To Make A Livin’: Our Review of ‘The End of Wonderland’

Posted in Movies, Theatrical by - March 26, 2023
To Make A Livin’: Our Review of ‘The End of Wonderland’

Movies have this magical way of making long processes feel short. A woman from ‘Wonderland’, Massachusetts appears on Saratoga Springs, New York, the place hosting, of all things, an exhibition of vintage French cars. The process of fixing up those cars feel shorter because they happen off screen. Tara Emory knows cars. A Renaissance woman, she has other passions that juggle in and out of her life. She had a phase where she did comic books. It’s an industry that may have been hostile to her as a transwoman. Her remaining passions manifest in Wonderland. The place is both a scrapyard of cars she wants to fix and a studio where she shoots pornography both in photograph and video form. She’s trying to finish her video porn opus before her landlord kicks her out of Wonderland.

Laurence Turcotte-Fraser’s The End of Wonderland, then, is about the work one must do to get the chance to work on the things one prefers to do. The photoshoots are Ms. Emory’s main source of income, and the movie shows her continuously editing photos or building and striking sets for her photoshoots. It takes a lot of luck to get 20 likes on a sexy selfie and more than that to make a living out of those selfies. Ms. Emory makes for an inherently relatable subject in this economy as someone who has to monetize themselves. Every person has an asset within them that they can make a few dollars on. The movie captures that without reducing Ms. Emory to stereotypes. Sex work is her choice but the movie also shows her awareness of how fickle the business is.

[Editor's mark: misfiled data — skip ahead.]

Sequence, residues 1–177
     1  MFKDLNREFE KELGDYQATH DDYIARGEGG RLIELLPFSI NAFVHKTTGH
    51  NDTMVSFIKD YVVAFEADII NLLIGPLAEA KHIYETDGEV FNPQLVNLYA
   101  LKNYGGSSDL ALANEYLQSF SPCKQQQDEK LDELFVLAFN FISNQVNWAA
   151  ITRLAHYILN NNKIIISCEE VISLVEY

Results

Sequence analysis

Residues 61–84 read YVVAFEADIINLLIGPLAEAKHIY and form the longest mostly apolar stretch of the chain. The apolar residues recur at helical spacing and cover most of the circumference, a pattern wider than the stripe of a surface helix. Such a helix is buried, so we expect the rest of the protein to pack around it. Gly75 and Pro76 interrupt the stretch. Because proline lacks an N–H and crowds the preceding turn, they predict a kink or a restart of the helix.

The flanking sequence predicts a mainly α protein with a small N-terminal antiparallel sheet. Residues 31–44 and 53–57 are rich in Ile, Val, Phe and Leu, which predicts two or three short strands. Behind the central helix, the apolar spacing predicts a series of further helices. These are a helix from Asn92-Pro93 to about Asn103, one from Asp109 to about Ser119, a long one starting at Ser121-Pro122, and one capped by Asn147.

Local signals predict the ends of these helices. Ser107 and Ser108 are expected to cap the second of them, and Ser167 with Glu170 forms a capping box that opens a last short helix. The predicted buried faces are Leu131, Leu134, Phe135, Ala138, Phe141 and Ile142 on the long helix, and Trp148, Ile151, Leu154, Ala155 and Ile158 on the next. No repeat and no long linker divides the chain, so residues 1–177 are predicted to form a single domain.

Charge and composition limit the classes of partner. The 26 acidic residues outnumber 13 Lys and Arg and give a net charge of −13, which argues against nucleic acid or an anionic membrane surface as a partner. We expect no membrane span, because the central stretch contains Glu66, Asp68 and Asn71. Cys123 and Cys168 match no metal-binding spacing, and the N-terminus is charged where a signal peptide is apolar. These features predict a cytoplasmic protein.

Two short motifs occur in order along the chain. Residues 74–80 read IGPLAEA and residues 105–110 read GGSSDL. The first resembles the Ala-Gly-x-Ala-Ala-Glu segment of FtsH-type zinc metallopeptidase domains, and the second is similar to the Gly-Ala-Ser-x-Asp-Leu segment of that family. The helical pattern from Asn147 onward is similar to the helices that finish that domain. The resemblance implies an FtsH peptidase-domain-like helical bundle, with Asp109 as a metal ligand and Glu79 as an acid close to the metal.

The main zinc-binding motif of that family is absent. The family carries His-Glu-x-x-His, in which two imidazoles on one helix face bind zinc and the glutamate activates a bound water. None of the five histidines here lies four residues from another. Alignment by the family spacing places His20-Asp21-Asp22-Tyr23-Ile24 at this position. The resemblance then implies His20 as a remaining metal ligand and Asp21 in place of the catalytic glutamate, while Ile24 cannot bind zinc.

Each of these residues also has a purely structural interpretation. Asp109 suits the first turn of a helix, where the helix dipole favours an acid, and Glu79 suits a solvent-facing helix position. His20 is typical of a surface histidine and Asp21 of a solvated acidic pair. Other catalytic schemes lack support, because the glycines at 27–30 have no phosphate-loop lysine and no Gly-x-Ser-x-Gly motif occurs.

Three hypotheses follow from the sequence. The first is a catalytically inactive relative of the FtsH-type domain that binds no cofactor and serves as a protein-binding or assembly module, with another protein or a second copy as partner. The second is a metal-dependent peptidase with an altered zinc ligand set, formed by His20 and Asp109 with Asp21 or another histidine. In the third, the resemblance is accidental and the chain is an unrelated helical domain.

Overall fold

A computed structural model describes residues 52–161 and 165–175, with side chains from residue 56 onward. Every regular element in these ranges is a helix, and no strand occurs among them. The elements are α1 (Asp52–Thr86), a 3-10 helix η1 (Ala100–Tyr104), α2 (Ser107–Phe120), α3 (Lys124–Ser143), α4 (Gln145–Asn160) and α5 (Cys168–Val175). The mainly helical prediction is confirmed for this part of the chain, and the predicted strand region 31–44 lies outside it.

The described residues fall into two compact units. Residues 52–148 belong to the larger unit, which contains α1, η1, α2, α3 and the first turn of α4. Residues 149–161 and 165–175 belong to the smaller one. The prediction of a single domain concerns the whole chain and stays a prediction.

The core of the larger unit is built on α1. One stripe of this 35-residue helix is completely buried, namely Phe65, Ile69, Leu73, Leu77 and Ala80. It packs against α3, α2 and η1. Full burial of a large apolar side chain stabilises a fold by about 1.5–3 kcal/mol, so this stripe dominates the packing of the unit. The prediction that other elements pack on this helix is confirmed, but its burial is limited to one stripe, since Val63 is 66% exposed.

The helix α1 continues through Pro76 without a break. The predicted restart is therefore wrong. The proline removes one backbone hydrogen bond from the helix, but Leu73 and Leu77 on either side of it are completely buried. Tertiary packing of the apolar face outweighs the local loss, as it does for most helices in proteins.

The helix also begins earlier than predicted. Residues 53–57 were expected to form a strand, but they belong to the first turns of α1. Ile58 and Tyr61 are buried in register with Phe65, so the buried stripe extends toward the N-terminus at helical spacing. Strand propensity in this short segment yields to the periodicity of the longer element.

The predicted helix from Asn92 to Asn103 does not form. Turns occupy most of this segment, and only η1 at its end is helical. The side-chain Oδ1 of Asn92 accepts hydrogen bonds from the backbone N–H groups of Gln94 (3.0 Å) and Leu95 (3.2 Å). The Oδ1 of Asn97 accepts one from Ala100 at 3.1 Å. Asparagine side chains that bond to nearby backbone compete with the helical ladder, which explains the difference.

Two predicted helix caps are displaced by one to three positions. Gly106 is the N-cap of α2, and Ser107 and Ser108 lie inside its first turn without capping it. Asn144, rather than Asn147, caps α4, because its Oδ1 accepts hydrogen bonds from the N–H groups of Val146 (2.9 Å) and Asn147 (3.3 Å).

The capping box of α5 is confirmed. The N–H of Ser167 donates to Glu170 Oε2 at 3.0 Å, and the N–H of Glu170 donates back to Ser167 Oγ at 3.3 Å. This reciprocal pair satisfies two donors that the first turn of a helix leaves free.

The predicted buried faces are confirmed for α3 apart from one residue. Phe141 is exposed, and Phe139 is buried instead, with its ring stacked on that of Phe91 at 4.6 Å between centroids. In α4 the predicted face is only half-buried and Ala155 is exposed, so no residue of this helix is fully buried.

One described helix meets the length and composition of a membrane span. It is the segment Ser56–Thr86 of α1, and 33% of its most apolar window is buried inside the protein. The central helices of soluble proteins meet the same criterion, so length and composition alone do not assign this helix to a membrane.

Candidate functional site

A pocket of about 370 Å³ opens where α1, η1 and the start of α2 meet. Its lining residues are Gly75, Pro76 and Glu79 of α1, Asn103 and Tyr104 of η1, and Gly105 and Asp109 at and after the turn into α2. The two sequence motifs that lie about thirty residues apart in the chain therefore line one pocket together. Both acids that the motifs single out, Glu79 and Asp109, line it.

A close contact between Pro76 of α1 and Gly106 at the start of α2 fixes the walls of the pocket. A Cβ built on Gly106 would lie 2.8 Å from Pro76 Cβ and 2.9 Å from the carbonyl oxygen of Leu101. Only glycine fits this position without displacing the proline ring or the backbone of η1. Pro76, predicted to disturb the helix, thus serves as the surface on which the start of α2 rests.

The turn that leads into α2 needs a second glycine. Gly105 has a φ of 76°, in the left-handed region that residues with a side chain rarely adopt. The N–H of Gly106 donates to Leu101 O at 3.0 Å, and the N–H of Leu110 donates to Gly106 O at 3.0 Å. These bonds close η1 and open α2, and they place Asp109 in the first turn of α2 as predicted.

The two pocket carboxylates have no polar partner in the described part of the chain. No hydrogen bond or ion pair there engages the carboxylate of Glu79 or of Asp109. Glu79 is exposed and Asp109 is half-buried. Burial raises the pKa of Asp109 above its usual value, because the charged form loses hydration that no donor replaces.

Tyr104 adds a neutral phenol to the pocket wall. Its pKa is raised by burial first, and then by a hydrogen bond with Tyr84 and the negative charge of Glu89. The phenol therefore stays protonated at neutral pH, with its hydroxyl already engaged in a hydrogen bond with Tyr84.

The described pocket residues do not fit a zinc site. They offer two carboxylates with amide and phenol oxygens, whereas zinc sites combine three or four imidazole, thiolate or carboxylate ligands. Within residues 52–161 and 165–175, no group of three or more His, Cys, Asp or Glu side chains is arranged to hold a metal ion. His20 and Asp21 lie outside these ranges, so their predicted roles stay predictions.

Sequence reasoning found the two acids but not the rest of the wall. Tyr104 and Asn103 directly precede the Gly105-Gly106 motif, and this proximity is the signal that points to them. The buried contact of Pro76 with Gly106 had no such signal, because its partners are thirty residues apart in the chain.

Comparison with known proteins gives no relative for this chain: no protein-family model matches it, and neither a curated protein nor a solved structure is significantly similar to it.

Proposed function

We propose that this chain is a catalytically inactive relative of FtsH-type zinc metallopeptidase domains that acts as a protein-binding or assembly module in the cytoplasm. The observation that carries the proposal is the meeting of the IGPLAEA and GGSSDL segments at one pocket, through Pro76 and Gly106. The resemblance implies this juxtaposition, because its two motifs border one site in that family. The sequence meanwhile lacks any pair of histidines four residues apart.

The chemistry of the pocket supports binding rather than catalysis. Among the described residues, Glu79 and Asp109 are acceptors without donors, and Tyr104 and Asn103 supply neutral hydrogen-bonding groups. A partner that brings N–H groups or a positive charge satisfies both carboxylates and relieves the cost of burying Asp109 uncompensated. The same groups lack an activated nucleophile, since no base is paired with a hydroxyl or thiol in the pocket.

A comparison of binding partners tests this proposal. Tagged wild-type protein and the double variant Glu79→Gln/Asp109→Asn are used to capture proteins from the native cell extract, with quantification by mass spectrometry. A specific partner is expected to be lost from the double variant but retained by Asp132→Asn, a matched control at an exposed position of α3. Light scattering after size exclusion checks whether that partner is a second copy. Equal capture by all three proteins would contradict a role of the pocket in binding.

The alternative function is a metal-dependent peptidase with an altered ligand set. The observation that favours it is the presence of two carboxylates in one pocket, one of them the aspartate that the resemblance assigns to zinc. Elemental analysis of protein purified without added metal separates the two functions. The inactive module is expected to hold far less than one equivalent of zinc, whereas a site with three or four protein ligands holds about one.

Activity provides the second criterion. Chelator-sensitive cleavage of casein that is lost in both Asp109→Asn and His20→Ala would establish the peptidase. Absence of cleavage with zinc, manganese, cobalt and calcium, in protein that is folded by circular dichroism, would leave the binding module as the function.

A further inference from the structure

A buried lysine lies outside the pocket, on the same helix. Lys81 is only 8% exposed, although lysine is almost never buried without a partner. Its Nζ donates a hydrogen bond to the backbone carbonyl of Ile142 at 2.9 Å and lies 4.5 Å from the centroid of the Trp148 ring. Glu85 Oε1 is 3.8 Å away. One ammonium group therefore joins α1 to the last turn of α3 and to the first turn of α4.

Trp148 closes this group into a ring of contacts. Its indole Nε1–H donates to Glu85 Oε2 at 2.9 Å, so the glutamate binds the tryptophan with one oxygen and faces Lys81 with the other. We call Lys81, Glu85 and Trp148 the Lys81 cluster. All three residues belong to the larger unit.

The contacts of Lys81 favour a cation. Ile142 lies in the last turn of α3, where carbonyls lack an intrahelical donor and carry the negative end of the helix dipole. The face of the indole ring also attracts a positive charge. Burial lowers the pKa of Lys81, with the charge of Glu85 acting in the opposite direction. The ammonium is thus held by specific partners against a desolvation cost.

The only flaw I see in Wonderland is that it doesn’t grapple with the intellectual side of Ms. Emory’s work. Her opus, still unreleased the last time I checked, is a Barbarella knockoff with actual sex scenes. There’s potential for a great conversation here about futurism involving transwomen, two spirit, and other queer communities. It can also connect those themes with her workaholic spirit, which it touches on for the most part but not to its fullest. As a write this though, it’s great to see a documentary about an workaholic artists without a frantic pace. If anything, the first ramp is a slow uphill ride that gets smoother as it goes along. After all, Ms. Emory has a long way to go, just like anyone with a dream.

The End of Wonderland is available on demand.

  • Release Date: 3/28/2023
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While Paolo Kagaoan is not taking long walks in shrubbed areas, he occasionally watches movies and write about them. His credentials are as follows: he has a double major in English and Art History. This means that, for example, he will gush at the art direction in the Amityville house and will want to live there, which is a terrible idea because that house has ghosts. Follow him @paolokagaoan on Instagram but not while you're working.
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